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Enrollment, Absences, Lack of Engagement Top Challenges During COVID

declining enrollment

It's no surprise that enrollment has been a pain point for colleges and universities during the COVID-19 pandemic. In a recent D2L survey of 171 higher education leaders across North America, 30% of respondents confirmed that enrollment was an area where they've seen the greatest drop-off for students over the past two years. Absences (both online and in-person) have been another top challenge, cited by 29% of respondents, followed by disengagement and decreased concentration during classes (23%).

Other key challenges, though important, seem to have had a more limited impact. Just 8% of respondents said financial pressures or not enough tuition assistance have been a source of drop-off for students, and an equal share cited incomplete coursework or learning gaps. Only 2% pointed to on-time graduation concerns.

The survey also asked how institutions have worked to foster student success during COVID-19. The largest share of respondents — 41% — said they've established new technology to support hybrid/hyflex learning models. Other, more holistic approaches have garnered less attention, the survey report pointed out: Financial support programs came in second, at 17%, followed by diversity, equity and/or inclusion initiatives (14%), mental health initiatives (11%), accessible or assistive learning (10%) and supporting socioeconomic burdens (7%).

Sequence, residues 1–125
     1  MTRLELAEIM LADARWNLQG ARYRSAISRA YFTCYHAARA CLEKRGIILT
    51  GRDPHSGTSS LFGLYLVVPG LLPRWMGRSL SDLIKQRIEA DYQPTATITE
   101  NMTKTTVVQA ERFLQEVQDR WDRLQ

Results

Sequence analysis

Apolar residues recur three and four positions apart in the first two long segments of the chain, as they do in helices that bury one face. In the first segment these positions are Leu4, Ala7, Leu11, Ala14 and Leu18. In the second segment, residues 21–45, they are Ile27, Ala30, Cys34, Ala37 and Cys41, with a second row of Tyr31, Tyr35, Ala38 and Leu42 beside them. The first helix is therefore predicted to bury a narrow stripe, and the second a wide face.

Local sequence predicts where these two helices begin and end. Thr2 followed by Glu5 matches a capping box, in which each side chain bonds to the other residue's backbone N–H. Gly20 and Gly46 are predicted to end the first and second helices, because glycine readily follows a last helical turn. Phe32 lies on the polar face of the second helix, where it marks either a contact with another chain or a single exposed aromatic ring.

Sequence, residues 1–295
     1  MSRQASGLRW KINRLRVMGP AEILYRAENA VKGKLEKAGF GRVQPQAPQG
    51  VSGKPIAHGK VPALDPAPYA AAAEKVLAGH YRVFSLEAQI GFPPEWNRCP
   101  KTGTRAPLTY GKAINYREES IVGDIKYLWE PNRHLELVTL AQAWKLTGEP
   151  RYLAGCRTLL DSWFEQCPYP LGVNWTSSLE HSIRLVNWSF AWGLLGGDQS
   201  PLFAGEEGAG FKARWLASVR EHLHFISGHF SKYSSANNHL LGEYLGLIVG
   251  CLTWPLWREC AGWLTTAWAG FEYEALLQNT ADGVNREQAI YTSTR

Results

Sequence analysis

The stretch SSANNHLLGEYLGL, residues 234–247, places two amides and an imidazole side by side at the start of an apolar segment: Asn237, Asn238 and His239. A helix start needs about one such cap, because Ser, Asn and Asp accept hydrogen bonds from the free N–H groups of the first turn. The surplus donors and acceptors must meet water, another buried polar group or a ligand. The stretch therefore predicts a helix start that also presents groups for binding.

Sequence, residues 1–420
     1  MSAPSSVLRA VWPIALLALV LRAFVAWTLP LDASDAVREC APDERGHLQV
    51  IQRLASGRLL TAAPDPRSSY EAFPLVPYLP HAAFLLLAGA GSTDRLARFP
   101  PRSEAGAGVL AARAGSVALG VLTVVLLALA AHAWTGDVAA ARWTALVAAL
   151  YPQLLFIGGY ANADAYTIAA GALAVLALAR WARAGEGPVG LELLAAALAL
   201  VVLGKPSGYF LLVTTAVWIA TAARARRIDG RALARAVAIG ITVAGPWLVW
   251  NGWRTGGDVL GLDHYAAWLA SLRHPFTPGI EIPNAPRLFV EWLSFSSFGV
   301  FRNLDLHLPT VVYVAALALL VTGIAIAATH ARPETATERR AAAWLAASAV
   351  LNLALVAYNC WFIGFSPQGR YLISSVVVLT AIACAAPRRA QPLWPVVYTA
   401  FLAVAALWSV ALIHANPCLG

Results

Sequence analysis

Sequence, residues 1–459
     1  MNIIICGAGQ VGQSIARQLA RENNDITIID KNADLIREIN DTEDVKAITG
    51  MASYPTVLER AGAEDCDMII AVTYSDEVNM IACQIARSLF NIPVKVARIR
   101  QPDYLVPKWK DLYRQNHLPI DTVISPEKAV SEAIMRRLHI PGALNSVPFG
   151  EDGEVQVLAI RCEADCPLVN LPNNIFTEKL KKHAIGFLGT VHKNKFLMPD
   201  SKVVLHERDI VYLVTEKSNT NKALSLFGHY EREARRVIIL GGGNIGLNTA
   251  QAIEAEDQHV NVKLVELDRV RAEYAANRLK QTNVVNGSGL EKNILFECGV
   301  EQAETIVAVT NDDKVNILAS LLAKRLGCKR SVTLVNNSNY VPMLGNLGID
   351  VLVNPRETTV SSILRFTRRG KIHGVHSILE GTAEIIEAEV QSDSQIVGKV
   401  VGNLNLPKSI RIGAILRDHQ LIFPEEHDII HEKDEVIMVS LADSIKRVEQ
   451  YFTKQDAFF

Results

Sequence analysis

"While these are seen as disparate factors, notice that they are all 'non-cognitive' in nature," commented Jeff Borden, chief academic officer and vice president of academic affairs for D2L, in a blog post. "The pandemic really put a spotlight on the notion that student success is far more than what happens in a classroom. Students … people need support through relationships, networks, mindset and more."

When asked about the most important pain points to solve in the future, enrollment concerns again topped the list, with 43% of respondents citing the need to boost declining enrollment and re-enrollment rates. But wellness concerns also came to the forefront: 21% of respondents said improving mental health programs for students and faculty will be a top priority. Other challenges for the coming years included graduation delays or drop-outs (13%), funding more diversity, equity and inclusion initiatives (13%) and establishing more financial assistance programs (10%).

"At the end of the day, we know there is no silver bullet for success," said Borden. "On the pragmatic side, finances matter. But when it comes to student well-being, we are seeing more administrators ask how they can support, understand and work with the 'whole' learner. It is wonderful to see so many schools taking a holistic view."

The full report is available on the D2L site.

About the Author

About the author: Rhea Kelly is editor in chief for Campus Technology. She can be reached at [email protected].

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